It is best regarded as a work in progress, in need of improved definitions and better data. But in the process it is easy to become ensnared in the data and to lose sight of what it is that we are trying to capture. ….The measures used in this report fall short of such nuanced knowledge.

Findings that have been recorded and averaged may create an impression of precision but are in reality the equivalent of trying to reproduce a vast and complex mountain range in relatively simple geometric shapes. In addition, the process of international comparison can never be freed from questions of translation, culture, and custom

The areas they’ve chosen to analyse, the weighting they’ve applied in the rankings and the use of relative poverty are all entirely arbitrary. But even if they weren't, given that this is the first and only report of its kind, we can have no way of knowing if things are getting worse or better - but they want you to assume that things are getting worse.

So it isn’t arbitrary at all: it’s all quite deliberately set up to attack capitalism and the Anglosphere. It is designed to get blithering idiots to scream out on-the-face-of-it absurd headlines like: “Child poverty in the UK has doubled since 1979”. Thank you, BBC, for doing just that.


monix said...

You were right that I would not agree with you but that doesn't necessarily make me a member of "the self-lacerating, wilfully deluded, truth-distorting, anti-reality, intentions-over-outcomes element of the intellectual leftist ‘elite.’"

It probably isn't possible to produce the kind of data that you would find acceptable. When dealing with people and the reality of their experience, we only have anecdotal evidence. Charles Kingsley and Harriet Beecher Stowe wouldn't effect much change these days, would they?

You can't deny the facts of drunkenness, STDs, pregnancies and violence among teenagers in the UK. It is a fact that fewer 15 year olds in Britain go into training or remain in education than in other industrialised countries. Some people think highlighting these issues worthwhile but 'worthiness' is despicable and so easy to ridicule, isn't it?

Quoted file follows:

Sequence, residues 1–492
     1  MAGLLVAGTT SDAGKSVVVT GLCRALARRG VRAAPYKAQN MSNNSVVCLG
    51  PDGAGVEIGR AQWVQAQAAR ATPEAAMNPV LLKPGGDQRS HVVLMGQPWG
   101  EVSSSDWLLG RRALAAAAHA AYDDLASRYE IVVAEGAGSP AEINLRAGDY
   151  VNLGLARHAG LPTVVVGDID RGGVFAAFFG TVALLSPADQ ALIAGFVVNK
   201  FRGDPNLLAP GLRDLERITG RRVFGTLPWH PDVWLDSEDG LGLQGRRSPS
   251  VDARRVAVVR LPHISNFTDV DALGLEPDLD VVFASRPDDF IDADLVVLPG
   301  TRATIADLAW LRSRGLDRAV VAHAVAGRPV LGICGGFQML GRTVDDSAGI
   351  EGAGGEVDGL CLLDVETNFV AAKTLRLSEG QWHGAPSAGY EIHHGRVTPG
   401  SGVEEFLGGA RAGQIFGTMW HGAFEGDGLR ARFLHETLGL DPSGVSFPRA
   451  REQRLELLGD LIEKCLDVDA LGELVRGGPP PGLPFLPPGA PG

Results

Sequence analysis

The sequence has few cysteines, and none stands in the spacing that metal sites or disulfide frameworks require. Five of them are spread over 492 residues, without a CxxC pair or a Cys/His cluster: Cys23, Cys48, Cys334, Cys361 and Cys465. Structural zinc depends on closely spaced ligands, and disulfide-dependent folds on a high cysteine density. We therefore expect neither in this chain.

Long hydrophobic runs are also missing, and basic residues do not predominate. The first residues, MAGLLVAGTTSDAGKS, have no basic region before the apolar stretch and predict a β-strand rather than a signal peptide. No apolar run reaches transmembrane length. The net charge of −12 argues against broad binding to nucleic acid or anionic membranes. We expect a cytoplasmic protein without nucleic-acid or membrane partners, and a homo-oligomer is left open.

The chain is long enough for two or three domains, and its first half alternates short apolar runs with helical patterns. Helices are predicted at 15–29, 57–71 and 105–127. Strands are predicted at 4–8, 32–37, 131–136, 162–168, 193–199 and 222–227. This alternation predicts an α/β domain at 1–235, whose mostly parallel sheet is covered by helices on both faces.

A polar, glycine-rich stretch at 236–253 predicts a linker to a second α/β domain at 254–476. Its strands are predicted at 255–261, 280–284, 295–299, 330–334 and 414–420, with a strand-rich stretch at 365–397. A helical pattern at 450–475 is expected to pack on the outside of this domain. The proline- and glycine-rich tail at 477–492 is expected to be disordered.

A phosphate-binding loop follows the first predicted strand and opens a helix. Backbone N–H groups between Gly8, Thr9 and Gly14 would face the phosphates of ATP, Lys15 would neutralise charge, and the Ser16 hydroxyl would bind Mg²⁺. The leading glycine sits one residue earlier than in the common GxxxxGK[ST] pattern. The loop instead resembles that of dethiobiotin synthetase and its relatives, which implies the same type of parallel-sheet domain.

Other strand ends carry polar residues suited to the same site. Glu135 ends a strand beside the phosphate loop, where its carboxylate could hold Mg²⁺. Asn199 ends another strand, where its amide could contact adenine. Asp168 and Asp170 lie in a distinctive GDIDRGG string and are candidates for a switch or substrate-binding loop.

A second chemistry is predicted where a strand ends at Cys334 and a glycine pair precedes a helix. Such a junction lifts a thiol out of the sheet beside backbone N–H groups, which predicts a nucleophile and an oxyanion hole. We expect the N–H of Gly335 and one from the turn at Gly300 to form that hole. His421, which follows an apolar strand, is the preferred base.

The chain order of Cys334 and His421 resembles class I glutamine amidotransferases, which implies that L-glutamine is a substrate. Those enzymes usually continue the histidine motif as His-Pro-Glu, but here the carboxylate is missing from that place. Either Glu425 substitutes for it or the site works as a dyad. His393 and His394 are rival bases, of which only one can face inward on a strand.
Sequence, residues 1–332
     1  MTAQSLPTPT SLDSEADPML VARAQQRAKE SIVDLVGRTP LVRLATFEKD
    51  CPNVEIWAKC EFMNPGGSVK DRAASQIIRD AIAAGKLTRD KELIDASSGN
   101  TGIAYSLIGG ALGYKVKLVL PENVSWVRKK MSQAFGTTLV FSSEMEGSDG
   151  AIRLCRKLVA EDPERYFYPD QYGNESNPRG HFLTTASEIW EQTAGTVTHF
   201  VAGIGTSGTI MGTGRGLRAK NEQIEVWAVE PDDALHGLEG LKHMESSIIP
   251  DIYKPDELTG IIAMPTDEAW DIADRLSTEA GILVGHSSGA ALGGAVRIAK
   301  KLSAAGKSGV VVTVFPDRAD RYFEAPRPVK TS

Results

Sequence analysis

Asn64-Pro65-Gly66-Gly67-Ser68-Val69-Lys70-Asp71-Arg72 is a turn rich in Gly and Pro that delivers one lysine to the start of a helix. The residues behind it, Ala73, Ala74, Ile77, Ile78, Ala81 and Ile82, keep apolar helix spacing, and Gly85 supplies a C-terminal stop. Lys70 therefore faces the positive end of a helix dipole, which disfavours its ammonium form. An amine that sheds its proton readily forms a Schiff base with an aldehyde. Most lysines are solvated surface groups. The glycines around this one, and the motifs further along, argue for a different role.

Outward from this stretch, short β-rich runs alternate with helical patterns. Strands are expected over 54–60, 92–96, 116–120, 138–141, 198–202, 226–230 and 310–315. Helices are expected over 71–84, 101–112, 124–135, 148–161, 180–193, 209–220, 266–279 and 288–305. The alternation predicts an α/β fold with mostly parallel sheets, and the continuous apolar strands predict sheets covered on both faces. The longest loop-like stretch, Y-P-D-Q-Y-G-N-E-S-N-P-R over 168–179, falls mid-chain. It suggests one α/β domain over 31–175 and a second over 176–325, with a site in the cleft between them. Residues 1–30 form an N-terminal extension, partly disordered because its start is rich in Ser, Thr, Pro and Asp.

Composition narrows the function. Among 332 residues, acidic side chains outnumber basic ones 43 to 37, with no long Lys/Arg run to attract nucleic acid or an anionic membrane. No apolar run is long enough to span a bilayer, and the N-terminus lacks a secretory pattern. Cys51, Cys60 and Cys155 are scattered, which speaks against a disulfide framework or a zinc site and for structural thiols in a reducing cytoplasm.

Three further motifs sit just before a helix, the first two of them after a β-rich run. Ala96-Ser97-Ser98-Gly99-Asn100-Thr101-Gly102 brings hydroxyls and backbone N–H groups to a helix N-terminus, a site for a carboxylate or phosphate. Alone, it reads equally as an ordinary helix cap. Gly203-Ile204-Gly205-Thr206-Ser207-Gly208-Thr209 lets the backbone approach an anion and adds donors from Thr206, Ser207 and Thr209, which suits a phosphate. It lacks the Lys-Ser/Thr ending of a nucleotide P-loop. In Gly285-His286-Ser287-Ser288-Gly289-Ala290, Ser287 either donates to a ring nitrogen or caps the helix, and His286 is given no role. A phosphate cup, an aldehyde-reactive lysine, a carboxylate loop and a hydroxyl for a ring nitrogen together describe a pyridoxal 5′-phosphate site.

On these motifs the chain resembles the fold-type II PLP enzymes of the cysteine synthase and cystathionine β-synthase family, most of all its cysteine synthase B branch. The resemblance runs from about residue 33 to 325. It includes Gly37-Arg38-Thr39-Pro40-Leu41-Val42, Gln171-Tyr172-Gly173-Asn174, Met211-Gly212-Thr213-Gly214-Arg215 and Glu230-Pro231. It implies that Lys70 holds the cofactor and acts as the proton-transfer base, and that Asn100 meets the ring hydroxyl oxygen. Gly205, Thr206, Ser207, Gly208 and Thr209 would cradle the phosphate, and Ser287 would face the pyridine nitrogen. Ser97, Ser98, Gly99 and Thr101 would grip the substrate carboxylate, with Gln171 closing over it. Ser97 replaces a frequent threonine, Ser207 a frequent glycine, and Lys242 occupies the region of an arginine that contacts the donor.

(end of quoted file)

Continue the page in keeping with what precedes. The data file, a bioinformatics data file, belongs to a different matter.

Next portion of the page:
Brit said...

That's completely wrong and is not the point I'm making at all. Nobody denies that there are problems in Britain. I'm talking about the way this report is biased to pretend that the Anglosphere countries are making the world worse.

I don't object to 'worthy' intentions. Their intentions are the same as mine. I want people to be wealthy and happy too. Instead, I object to the way the 'worthies' value their intentions above actual practical outcomes. They are harmful to those intentions. they want to make the world more miserable by imposing a system that has failed every time it has been tried.

I object to the fact that the leftists insist that only they have the answers to social problems, but their diagnoses are warped by their ideology. They are not interested in actually finding practical solutions, they are only interested in justifying their ideals.

David Cohen summarised it thus: "I am a good person if I help the poor. I help the poor by arguing that people like me should be taxed more and the money given to the poor. I am a good person."

Let's set aside for a moment the fact that poverty in the US and the UK is luxury in comparison to the globe.

Charities are funded by the generosity of people made wealthy by the freedom granted by capitalism. The USA came BOTTOM of Unicef's 'relative poverty' list. Yet those nasty individualist Americans give more money to charity per capita than anybody else. The Unicef polticial approach is therefore not only wrong-headed, if it could come into being, it would be self-defeating.

Brit said...

Let me put it another way to try to clarify the point I'm making:

These are not new figures. It is a new report - a new accumulation of figures from all sorts of old surveys.

If we wanted to talk about teen problems in the UK with alcohol or pregnancies, we could have a report on that and try to find solutions. Indeed, we have done just that before.

But Unicef haven't done that. They have mashed together a load of selected figures from all sorts of different areas of life, given them a relative 'weighting' and thereby created a league table which puts the US and the UK at the bottom.

So now ask yourself: why would they do that? What is their motivation? What do they want to change?

M Ali said...

"You can't deny the facts of drunkenness, STDs, pregnancies and violence among teenagers in the UK. It is a fact that fewer 15 year olds in Britain go into training or remain in education than in other industrialised countries."